ASFPM National Flood Programs and Policies in Review 2015
At no time in our nation's history has national flood policy been more important. Current research shows that our sea level is rising, storms are intensifying, and flood damages are significantly increasing. Areas that have never flooded before are now flooding, and we've seen flood damage costs rise from what was about $1 billion a year in 1900, to more than $10 billion a year in the 2000s. Two recent hurricanes – Katrina and Sandy – cost the US taxpayer more than $200 billion. For these reasons, we have updated our National Flood Policies and Programs in Review (2015), which puts forth hundreds of recommendations we've identified as ways to improve national flood policies and programs to better serve the nation.National Flood Programs and Policies in Review (2015 rev8)
ASFPM National Flood Programs and Policies in Review 2007
National Flood Programs and Policies in Review 2007 is the most recent in the Association of State Floodplain Managers' (ASFPM's) periodic reviews of national floodplain management policy and the activities being undertaken to implement it. Through these reports, the ASFPM-the nation's leading organized voice in this field, with 13,000 members throughout the nation and 27 state chapters-records important program and policy adjustments that are needed to improve floodplain management, thus saving lives and property and protecting essential floodplain resources and functions.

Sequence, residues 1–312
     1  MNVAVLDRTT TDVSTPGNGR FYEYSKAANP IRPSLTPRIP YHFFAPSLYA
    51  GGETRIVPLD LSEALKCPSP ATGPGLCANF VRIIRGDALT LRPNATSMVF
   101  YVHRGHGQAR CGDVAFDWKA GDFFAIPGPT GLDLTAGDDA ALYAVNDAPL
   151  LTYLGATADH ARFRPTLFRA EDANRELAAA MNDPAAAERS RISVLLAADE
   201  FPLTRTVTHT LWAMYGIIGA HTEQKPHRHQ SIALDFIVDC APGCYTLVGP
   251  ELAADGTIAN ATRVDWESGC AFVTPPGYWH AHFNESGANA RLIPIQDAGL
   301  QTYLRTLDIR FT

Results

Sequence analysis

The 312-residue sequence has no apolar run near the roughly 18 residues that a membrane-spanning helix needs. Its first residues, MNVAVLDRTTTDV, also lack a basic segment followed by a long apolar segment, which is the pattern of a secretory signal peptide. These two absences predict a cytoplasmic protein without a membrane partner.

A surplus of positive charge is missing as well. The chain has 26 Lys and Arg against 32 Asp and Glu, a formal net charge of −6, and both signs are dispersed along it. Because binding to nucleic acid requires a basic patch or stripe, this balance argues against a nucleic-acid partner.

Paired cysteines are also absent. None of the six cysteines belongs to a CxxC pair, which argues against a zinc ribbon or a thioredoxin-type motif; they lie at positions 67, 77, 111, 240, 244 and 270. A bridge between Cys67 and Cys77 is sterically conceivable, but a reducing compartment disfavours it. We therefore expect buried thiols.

Matrix of Recommendations
What is Happening
Over the last seven years-when the ASFPM's last policy review was published-four trends have affected how the nation manages its flood risk and floodplain resources:
- Hazard risk is increasing-The growth of the U.S. population and its movement to coastal areas and to the West are causing an increase in human vulnerability to the hazards of flooding.
- Conditions are changing-The impacts of climate change are beginning to be felt in the form of more severe storms and hurricanes and rising sea levels, requiring a more aggressive approach to reduce flood losses and protect such resources as wetlands and riparian habitat.
- Attention to natural hazards is waning-National priorities have shifted, splitting scarce expertise, funding, and focus between national security and hazards management.
- Technology has improved predictions of where it will flood, but not when-Electronic communication and the internet have revolutionized the expectations of the public for instant access to information that is visually appealing even though technical and complex.
What Must Be Done
National Flood Programs and Policies in Review 2007 contains more than 280 recommendations for improvements to initiatives nationwide. Some are targeted for action by federal agencies, Congress, and the Administration, and some require action and cooperation at the state, local, and individual levels. A few highlights are listed below.
- Stronger federal leadership is essential; the agencies, the Administration, and Congress must work to improve water- and flood-related programs at all levels of government.
Congress should enact a National Floodplain Management Policy to protect, maintain, and restore riverine and coastal areas as sustainable ecosystems for future generations and also to set forth the roles of each level of government in reducing flood losses
A water resources coordinating mechanism must be established at a high level within the federal government.
A coordinated, watershed-based, multi-objective approach for all water resource activities, led by local and state governments, must be encouraged